In January 2011, Williams' office brought multiple charges through a grand jury against Philadelphia abortionist Kermit Gosnell, for allegedly killing infants after birth. In 2013, Gosnell was convicted of killing three infants who were born alive during abortion procedures.[9] He was sentenced to life in prison.[10]

Catholic Church[edit]

In 2011, Williams initiated the prosecution of what became known as the "Billy Doe" case - the prosecution of three priests and a schoolteacher for sexual abuse of an altar boy and student (pseudonym Billy Doe). During proceedings, the youth's account of the alleged abuse changed, and doubts were raised about the veracity of the charges brought by Williams.[11] According to a Newsweek article by Ralph Cipriano, Williams "has not explained any of the factual discrepancies in Billy's many stories, and why the D.A. would proceed with what Williams described as a 'historic' prosecution of the church with a star witness so lacking in credibility."[11]

The accused priest, Msgr William Lynn, was convicted, but has been in the appeals process (including another trial) ever since; the latest iteration was delayed from March 2020 to 2021 due to the COVID-19 pandemic. He has maintained his innocence.[12]

Williams also brought charges against another priest, Fr Robert L. Brennan, a priest who had been defrocked in 2005. The charges were later dropped after the sole witness died of a drug overdose. Brennan was indicted again, this time on federal charges, in 2019.[13]


A scandal dubbed "Porngate" was revealed by the media in the state, who reported that government employees and officials had used Pennsylvania government computers to disseminate pornographic, misogynistic, and racially charged emails. The publicity resulted in the resignation of Pennsylvania Supreme Court Justice Seamus McCaffery.[14] It also resulted in the suspension of Supreme Court Justice J. Michael Eakin.[15] Frank Fina, Patrick Blessington and Marc Costanzo, prosecutors for former Pennsylvania Attorney General Tom Corbett, were part of an email chain during this period that swapped the pornographic and offensive messages.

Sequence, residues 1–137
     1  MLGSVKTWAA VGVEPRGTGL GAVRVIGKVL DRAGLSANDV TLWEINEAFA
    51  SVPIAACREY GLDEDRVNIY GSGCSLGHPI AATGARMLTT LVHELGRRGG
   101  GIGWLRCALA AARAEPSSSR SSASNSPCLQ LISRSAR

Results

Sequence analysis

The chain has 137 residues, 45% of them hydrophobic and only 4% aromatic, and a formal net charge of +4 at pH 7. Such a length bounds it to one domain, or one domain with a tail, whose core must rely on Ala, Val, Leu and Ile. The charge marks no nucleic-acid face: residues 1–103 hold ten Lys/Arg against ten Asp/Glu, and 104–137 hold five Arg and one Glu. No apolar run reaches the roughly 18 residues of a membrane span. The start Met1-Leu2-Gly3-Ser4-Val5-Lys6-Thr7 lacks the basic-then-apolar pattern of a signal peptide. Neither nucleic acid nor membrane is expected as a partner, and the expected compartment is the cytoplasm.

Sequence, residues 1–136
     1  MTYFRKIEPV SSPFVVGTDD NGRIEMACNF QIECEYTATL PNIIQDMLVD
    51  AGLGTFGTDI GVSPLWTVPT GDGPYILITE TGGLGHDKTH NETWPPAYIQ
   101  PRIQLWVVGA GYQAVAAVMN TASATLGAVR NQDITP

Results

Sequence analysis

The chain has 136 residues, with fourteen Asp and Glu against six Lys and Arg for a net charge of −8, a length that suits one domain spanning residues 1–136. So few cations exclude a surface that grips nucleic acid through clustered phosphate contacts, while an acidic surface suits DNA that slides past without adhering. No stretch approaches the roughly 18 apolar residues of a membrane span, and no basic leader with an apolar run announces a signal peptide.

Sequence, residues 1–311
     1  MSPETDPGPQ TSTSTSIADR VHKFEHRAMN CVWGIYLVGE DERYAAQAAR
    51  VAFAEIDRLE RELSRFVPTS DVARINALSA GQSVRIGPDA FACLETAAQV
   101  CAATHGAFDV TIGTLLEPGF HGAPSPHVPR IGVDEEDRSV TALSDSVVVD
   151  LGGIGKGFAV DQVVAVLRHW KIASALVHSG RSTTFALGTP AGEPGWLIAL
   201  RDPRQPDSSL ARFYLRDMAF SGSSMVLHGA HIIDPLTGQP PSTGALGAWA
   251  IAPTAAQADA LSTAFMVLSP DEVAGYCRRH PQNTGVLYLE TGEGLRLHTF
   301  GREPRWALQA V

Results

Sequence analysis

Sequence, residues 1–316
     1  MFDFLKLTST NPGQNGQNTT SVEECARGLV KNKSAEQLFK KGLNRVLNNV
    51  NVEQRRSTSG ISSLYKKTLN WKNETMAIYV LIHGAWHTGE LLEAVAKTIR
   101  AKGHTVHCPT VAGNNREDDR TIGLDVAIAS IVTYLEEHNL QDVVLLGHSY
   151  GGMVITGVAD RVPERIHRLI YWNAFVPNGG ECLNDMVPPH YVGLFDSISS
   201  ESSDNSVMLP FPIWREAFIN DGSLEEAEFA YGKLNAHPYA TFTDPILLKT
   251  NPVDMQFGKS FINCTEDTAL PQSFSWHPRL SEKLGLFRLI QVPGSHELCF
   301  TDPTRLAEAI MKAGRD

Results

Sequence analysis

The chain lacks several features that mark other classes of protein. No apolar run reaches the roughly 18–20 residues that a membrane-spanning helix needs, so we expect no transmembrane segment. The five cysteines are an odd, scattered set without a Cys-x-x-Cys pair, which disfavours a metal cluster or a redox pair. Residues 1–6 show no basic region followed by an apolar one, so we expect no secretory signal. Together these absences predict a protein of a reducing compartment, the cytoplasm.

These three were later hired by Williams for the Philadelphia District Attorney's Office.[16] When this was reported, the content of their emails was subsequently released, prompting outrage. All five women on the City Council called for Williams to fire the three prosecutors.[17] After considerable pressure, Williams reassigned the prosecutors, but did not fire them.[18] Fina was permitted by Williams to voluntarily resign in 2016 in order to fulfill a pre-determined plan to start his own private law practice. Costanzo and Blessington continued to work in the DA's office.


On February 10, 2017, Williams announced he would not seek re-election of a third term in office due to political scandals. He was charged with failing to disclose $160,500 worth of gifts between 2010 and 2015, and was the subject of an FBI/IRS investigation into his finances.[19] On March 21, he was indicted.[20]

Criminal conviction[edit]

On March 21, 2017, the US Department of Justice announced that they had indicted Williams on "bribery and extortion charges".[2] Williams was disbarred effective April 13, 2017 by court order.[21]